Understanding capital gains tax is critical when dealing with appreciated assets. In the event that you sell anything for more than what you bought it for, you will need to report this capital gain to the IRS. In turn, the IRS will levy taxes against the gains.
Keep in mind that the IRS does consider virtually anything that you own to be a capital asset, including personal items like cars and big screen TVs. It does not matter if you acquired the asset for the specific purpose of investment or not. Even though most professionals speak about capital gains tax in the realm of property or stocks and other investments, you must report any capital gain you acquire.
The charitable remainder trust stratagem
CRTs are a good option when you want to generate a lifetime income for your retirement while minimizing capital gains tax and fulfilling your philanthropic goals.
A CRT is a version of an irrevocable trust. Once you put your appreciated assets into a CRT, you will no longer be the owner of those assets. Rather, the CRT owns the assets.
Even though you will no longer own the assets in the CRT directly, you will receive many benefits. The first is that you will have a steady stream of income from the CRT as long as you are alive. Additionally, you choose a charity of your choice to receive whatever remains of the trust's assets after you die.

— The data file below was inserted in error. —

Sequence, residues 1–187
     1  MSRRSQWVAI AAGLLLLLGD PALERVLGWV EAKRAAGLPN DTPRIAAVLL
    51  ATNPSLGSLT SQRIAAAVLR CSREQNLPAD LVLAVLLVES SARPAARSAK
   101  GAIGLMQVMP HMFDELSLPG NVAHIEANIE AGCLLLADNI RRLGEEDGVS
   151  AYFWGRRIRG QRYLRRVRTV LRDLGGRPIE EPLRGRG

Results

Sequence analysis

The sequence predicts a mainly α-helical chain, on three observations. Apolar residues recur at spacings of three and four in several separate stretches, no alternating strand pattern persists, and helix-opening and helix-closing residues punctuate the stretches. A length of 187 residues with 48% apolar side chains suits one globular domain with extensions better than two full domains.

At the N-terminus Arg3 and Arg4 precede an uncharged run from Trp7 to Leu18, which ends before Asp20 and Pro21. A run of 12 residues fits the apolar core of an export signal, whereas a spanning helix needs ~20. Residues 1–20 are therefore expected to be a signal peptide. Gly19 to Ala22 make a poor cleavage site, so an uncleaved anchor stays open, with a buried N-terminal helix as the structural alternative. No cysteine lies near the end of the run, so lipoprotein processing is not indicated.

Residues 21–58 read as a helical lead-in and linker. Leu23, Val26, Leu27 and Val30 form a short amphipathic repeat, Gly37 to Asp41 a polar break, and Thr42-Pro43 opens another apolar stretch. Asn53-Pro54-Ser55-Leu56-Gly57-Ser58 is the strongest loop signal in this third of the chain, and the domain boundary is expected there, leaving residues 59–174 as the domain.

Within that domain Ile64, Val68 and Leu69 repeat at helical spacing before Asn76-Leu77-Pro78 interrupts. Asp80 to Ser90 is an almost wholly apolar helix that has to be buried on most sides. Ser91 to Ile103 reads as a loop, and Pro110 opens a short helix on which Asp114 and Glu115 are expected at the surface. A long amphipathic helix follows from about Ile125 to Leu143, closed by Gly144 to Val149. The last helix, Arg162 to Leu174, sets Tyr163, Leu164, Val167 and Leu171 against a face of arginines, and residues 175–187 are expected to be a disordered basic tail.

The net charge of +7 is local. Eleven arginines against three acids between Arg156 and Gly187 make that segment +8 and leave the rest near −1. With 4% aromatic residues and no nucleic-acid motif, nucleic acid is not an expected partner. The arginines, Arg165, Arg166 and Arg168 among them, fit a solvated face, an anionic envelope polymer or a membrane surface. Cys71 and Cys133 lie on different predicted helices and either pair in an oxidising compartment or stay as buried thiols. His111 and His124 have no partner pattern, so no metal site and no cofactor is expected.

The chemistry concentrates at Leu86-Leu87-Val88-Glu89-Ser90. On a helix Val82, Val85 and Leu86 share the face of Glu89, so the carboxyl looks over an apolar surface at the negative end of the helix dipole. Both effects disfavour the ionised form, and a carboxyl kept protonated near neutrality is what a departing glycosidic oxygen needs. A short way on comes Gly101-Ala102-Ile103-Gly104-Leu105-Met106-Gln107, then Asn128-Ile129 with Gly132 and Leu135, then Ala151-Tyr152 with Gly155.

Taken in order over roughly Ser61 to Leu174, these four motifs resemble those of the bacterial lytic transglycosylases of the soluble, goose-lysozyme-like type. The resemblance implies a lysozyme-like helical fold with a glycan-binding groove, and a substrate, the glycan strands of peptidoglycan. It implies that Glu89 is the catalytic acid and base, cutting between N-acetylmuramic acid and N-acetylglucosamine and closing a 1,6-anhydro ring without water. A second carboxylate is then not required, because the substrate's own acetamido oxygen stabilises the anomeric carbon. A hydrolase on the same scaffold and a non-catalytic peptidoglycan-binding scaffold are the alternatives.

Because the CRT is a charity donation, the government gives you a tax donation upon placing your appreciated assets into the trust. Plus, you avoid any capital gains tax on the assets you place in the trust.
The Deferred Sales Trust stratagem
The DST stratagem is specifically for clients who own businesses or real estate with high amounts of capital gain.
In many ways, the DST stratagem is similar to the CRT. The major difference is that the DST will keep all of your wealth within your family. There is no charitable donation requirement associated with a DST.
The process of a DST is simple: let’s use an appreciated property as the example. The property owner works with a DST trained trustee to negotiate a price for the appreciated asset that the property owner agrees to. The trustee then buys the asset from the property owner with an “installment sales contract.” This is not a cash payment, but an agreement between the trustee and the property owner regarding what sort of income stream or reinvestments the property owner wants.
Next, the trustee sells the property to a third-party buyer. Usually there isn’t a great difference between the amount that the trustee pays the original property owner and what the trustee sells the property for, so there is not much capital gains tax. To learn more about capital gains avoidance strategies. Contact us today at AmeriEstate.